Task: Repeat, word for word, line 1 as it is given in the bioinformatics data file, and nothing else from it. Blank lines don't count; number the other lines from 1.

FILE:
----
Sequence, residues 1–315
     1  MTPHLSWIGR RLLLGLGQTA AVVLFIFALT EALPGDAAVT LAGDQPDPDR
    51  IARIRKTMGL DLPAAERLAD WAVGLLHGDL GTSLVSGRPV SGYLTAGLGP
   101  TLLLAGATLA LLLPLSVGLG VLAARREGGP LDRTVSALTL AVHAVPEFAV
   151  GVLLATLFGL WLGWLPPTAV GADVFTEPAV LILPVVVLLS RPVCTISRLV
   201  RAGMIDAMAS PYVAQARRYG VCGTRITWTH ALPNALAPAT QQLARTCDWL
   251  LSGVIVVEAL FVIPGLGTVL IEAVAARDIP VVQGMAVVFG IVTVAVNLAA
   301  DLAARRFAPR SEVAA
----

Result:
Sequence, residues 1–315